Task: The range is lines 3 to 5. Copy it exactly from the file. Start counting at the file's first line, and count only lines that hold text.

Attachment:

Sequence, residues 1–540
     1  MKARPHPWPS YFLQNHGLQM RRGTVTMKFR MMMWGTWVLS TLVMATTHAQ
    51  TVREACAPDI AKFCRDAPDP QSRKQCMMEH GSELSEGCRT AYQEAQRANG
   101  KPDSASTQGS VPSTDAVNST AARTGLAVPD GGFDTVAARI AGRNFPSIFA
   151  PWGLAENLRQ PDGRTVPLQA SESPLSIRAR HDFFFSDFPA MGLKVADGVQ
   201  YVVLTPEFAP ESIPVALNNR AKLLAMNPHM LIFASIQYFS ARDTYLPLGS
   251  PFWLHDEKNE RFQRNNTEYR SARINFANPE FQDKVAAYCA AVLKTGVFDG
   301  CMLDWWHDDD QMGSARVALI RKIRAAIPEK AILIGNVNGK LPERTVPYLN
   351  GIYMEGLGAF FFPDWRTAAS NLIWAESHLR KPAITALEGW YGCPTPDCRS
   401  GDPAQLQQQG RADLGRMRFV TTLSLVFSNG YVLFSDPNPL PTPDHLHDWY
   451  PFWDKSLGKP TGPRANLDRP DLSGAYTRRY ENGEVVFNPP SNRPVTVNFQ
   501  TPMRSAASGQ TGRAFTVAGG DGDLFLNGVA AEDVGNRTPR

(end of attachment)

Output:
    51  TVREACAPDI AKFCRDAPDP QSRKQCMMEH GSELSEGCRT AYQEAQRANG
   101  KPDSASTQGS VPSTDAVNST AARTGLAVPD GGFDTVAARI AGRNFPSIFA
   151  PWGLAENLRQ PDGRTVPLQA SESPLSIRAR HDFFFSDFPA MGLKVADGVQ